Why Do We Dance When We Need to Pee?

It turns out that jiggling side-to-side, squeezing, and crossing your legs can help control your bladder.

You know the situation all too well. Chugging a large bottle of water on a particularly scorching hot day before settling into a long road trip, you suddenly need to pee. But when the next rest stop is not for another 20 miles, you're definitely regretting that drink.

Or, you had a few drinks while swapping tales and laughing with friends at a restaurant. But when you head to the restroom, there's already a line of ten people.

Whatever the scenario, you become increasingly impatient and slowly start jiggling up and down and side-to-side. You squeeze your legs together, your movements becoming increasingly frantic. It's the well-known "pee dance," and you need the restroom ASAP.

When the urge to pee gets too intense in those moments, we resort to the child-like pee dance. It's instinctual. But when you think about sloshing all that liquid around, it seems a bit counterintuitive. When we have to pee so badly that we cannot wait, why do we resort to moving around so much? Well, there are few possible scientific explanations.

Women crossing her legs while needing to pee
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Focusing On Your Pelvic Floor Muscles

Unfortunately, there is not much conclusive scientific evidence to explain it, Howard Goldman, MD, a urologist at the Cleveland Clinic, told Health. Pee dancing is not exactly the most pressing issue for scientists to study. However, based on other research and extensive knowledge of how the bladder works, Dr. Goldman proposed some hypotheses.

"Number one, when you're moving around and jiggling, you're causing some contraction of the pelvic floor," Dr. Goldman said.

Per the National Library of Medicine, the pelvic floor is a hammock-shaped group of muscles and tissues that support the organs in your pelvic region—including your bladder and bowels. In people assigned female at birth, the pelvic floor also supports the uterus.

Your pelvic floor is also important in controlling your bladder. Think about it like this: Your bladder is essentially a reservoir. For hours, it simply acts as a container to collect the urine slowly trickling in. But when it becomes full, the bladder starts sending messages to your brain, signaling that it's time to use the restroom.

And during that time, the muscles in the pelvic floor that surround the urethra are keeping your bladder from leaking.

"When it's time to urinate, [the pelvic floor muscles] open and relax to allow urine to pass by," noted Dr. Goldman.

So, when you perform a pee dance and wiggle around, you cause those muscles to contract even more than they naturally do. That can make the feeling of needing to pee so badly a slightly less like an emergency.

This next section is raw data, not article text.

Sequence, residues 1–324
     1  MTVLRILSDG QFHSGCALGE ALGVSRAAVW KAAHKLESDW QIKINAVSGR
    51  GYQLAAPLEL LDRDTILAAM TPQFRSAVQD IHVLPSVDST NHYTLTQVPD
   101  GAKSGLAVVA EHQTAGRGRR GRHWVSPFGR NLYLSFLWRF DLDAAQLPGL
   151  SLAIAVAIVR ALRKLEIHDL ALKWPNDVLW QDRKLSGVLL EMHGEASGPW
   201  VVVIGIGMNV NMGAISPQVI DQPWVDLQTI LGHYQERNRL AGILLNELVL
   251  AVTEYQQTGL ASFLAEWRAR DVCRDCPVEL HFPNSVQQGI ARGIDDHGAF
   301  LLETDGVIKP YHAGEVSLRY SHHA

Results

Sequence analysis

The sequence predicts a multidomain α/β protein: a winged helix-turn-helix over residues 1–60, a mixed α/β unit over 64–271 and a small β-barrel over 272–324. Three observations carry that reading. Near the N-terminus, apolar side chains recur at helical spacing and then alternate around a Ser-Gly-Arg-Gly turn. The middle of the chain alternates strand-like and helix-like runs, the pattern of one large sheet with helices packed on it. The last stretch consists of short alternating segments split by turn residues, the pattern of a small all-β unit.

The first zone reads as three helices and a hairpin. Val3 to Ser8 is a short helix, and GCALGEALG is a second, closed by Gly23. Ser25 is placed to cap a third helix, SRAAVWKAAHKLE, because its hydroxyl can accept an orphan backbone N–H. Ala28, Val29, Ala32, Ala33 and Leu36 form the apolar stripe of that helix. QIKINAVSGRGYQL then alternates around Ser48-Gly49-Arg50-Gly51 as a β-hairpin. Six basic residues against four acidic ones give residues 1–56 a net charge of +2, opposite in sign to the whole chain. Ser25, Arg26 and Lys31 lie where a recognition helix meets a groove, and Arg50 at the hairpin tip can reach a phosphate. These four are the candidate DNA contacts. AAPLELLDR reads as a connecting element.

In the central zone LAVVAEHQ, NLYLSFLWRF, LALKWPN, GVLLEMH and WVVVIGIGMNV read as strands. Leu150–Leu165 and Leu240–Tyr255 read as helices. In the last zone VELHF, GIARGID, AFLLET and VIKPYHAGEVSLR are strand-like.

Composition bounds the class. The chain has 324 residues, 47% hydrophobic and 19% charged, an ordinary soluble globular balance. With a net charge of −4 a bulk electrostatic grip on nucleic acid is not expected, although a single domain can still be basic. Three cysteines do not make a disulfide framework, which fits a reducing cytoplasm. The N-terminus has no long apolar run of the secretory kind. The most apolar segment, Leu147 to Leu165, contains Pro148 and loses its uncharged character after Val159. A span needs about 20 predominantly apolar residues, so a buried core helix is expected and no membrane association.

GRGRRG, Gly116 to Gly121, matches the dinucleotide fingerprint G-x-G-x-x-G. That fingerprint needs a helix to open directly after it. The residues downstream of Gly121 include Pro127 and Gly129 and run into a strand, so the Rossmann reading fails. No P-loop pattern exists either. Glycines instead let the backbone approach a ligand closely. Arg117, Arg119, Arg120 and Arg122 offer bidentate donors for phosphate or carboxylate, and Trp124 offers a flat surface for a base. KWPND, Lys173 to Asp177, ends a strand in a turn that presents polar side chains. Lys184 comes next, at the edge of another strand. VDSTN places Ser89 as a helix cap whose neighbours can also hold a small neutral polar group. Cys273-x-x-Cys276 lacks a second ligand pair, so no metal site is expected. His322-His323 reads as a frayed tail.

A Distraction for Your Bladder

Moving around a bit when you have to pee is also a great method of distraction from urgently needing to find a restroom.

"When people have overactive bladders, and they're trying to extend the time periods between their urination, we have them do distracting activities—count backward, things like that," added Dr. Goldman.

The same idea applies to the pee dance. It distracts your brain, even momentarily, according to the National Institute of Diabetes and Digestive and Kidney Diseases (NIDDK).

It's natural for people to do distracting movements like dancing and moving around in times of stress, said Dr. Goldman. And having to pee without access to a bathroom can certainly be stressful.

"Partly, [the dance] is an adaptation," Dr. Goldman noted. "You're stressed, so you move around, and when you're moving around, the pelvic floor muscles tighten a little bit, and there's some distraction, which then helps calm the bladder down."

A Pee Dance Also Helps Urinary Incontinence

On top of the pee dance, you may squeeze or cross your legs. According to Dr. Goldman, there is actually a biological reason behind that move, too.

Both the penis and the clitoris have a lot of nerve endings. And some research shows that when those nerves are stimulated, the sensors in the bladder are inhibited.

"That makes a lot of sense because the last thing you want when the penis or the clitoris are being stimulated is to have a bladder contraction," said Dr. Goldman.

This ability for those nerves to quiet the bladder is a well-known reflex among scientists, and some are working on devices that could stimulate the nerves at the right time to calm the bladders of people who struggle with urinary incontinence.

According to the Johns Hopkins Medicine Health Library, urinary incontinence is a loss of bladder control and occurs when the pelvic floor muscles become weak. It is common among the elderly, but it can also occur due to nerve and muscle injuries and pregnancy.

In a study published in 2016 in the journal Frontiers in Neuroscience, researchers examined the effects of "dorsal genital nerve stimulation," a device that electrically stimulates the penile or clitoral nerves, on patients who have urinary incontinence. The researchers found that the patients' urges to pee significantly decreased.

So, Is a Pee Dance Helpful?

Ultimately, while it sounds completely counterintuitive (and kind of embarrassing) to send the urine in your bladder on a rollercoaster ride with a pee dance, doing a little jig and squeezing your thighs together can help.

Next time you are unable to get to a bathroom, or if you struggle with bladder control, even a squeeze and cross of the legs can do wonders to hold you over until you find a toilet.

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